"Start with $10 million" is actually a joke, and it reflects how our brains tend to trick us into doing the wrong thing when investing. The best way to circumvent our "inferior mental angels" is to learn about investing, create a plan and stick with it.
Our psychology often works against us, said Kirk Chisholm, principal at Innovative Advisory Group. It's not difficult to make a million with investing -- if you start young enough and avoid psychological pitfalls, such as following the crowd.
Avoid trading in and out of your investments. Create a sound investing plan, invest through thick and thin and over time you can become a millionaire. Those who buy and sell more frequently tend to underperform compared to those who buy and hold, according to Vanguard Research.
Passion alone won't make your first million. There's no substitute for luck and flexibility. "Find something you are truly passionate about, become the authority and make a business out of it," said Joseph Carbone, wealth advisor at Focus Planning Group. "Not only will you be happy, but you probably will be very successful."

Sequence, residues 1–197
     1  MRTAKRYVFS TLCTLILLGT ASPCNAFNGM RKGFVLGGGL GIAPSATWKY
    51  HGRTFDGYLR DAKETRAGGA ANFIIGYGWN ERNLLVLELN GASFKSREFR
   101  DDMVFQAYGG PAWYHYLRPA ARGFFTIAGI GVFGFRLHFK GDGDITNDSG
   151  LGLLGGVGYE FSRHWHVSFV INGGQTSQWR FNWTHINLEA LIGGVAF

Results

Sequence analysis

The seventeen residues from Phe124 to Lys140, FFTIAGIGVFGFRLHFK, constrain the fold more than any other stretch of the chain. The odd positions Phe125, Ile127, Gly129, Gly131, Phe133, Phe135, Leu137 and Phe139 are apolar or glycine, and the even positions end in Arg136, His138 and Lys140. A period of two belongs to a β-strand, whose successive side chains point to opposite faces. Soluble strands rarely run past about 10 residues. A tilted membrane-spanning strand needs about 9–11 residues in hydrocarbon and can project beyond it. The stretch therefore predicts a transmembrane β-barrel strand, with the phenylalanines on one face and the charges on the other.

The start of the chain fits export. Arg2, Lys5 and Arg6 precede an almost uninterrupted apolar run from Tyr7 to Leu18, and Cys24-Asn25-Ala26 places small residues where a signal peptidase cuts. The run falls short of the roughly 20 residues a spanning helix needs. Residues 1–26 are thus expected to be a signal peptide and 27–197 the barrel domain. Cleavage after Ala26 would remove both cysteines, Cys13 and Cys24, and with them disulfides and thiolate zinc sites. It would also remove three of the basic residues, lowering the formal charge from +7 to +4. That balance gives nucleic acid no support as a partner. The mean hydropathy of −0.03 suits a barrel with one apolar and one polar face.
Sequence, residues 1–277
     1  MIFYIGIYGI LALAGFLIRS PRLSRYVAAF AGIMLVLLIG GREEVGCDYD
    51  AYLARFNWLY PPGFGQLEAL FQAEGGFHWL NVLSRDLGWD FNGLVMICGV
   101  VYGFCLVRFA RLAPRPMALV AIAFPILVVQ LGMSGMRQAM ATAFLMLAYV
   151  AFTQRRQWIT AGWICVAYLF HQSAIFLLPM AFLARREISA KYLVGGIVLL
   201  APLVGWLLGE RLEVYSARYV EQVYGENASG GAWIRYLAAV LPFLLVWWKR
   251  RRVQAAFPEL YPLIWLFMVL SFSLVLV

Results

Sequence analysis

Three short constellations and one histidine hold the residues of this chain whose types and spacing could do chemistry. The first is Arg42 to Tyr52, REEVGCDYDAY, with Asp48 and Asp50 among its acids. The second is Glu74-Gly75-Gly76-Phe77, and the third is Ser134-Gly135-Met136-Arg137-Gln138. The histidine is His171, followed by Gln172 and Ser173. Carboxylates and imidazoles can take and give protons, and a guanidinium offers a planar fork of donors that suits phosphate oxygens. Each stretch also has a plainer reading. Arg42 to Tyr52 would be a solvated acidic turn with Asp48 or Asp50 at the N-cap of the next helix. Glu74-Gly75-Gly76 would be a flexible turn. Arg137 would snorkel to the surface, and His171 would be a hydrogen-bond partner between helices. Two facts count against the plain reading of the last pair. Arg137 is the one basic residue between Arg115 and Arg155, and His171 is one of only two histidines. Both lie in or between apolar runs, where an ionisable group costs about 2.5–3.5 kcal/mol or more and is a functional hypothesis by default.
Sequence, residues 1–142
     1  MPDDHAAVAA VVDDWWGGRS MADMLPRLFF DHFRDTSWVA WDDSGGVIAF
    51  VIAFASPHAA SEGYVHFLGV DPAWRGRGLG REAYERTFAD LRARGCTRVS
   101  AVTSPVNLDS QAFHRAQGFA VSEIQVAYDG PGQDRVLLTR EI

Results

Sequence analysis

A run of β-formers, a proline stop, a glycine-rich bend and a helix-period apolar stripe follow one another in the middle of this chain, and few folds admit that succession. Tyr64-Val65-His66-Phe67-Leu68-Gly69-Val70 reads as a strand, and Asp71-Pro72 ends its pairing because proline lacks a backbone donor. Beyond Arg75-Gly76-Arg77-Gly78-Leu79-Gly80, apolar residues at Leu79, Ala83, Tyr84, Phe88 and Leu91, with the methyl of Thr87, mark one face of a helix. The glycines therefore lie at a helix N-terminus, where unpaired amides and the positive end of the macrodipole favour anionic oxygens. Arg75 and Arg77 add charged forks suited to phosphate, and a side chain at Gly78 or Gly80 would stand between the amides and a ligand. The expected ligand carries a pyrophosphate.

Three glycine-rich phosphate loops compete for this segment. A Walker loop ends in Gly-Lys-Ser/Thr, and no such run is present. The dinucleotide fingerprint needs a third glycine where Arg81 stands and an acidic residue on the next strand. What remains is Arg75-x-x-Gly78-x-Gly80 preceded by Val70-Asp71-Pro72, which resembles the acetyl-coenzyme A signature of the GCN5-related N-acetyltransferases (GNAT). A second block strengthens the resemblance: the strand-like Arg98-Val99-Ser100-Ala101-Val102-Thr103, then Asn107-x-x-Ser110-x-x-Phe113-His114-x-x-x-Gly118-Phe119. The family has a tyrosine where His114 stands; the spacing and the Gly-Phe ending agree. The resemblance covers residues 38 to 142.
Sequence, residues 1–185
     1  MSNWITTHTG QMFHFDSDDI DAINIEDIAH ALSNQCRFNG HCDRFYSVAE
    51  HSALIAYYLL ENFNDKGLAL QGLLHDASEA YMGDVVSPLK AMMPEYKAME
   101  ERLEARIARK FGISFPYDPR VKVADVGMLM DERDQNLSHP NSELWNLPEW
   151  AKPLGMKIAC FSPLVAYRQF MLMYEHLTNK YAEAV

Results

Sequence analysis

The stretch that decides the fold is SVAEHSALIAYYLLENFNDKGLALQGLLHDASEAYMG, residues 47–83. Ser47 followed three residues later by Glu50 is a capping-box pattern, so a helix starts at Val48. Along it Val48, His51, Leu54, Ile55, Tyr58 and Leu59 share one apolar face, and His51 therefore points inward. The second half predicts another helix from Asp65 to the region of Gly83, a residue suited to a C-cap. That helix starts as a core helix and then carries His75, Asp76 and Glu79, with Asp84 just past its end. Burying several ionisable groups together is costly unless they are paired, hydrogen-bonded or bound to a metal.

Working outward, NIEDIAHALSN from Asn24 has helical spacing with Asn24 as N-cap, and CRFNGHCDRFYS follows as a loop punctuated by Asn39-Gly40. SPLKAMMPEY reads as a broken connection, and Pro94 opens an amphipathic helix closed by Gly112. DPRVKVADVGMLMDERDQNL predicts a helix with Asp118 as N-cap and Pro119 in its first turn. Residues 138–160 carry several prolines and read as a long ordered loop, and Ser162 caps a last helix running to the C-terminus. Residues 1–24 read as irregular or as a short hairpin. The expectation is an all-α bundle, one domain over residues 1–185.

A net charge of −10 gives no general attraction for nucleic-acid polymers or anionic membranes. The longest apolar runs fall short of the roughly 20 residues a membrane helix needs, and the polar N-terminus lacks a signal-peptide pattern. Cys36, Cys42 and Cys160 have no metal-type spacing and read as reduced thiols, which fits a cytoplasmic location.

The Chipotle story illustrates this. After finishing culinary school in 1993, Chipotle founder Steve Ells was excited about starting a fine-dining restaurant. Lacking funds for the upscale place, he took a small loan from his father and opened his first Chipotle, to raise money for his exclusive restaurant. After selling 1,000 burritos in the first month, his passion for cooking veered from a high-end restaurant into a successful path to wealth, with the popular Chipotle Mexican Grill restaurant chain.
Furthermore, expect to fail along the way. Don't be surprised if there are some bumps along the way before hitting that million-dollar idea.
Getting rich can be a matter of mathematics. It's well documented that investing in the stock market over many years, reinvesting your dividends and letting that money grow and compound can make you a millionaire. But it's also a matter of knowing how much to invest, in what types of mutual funds and for how long.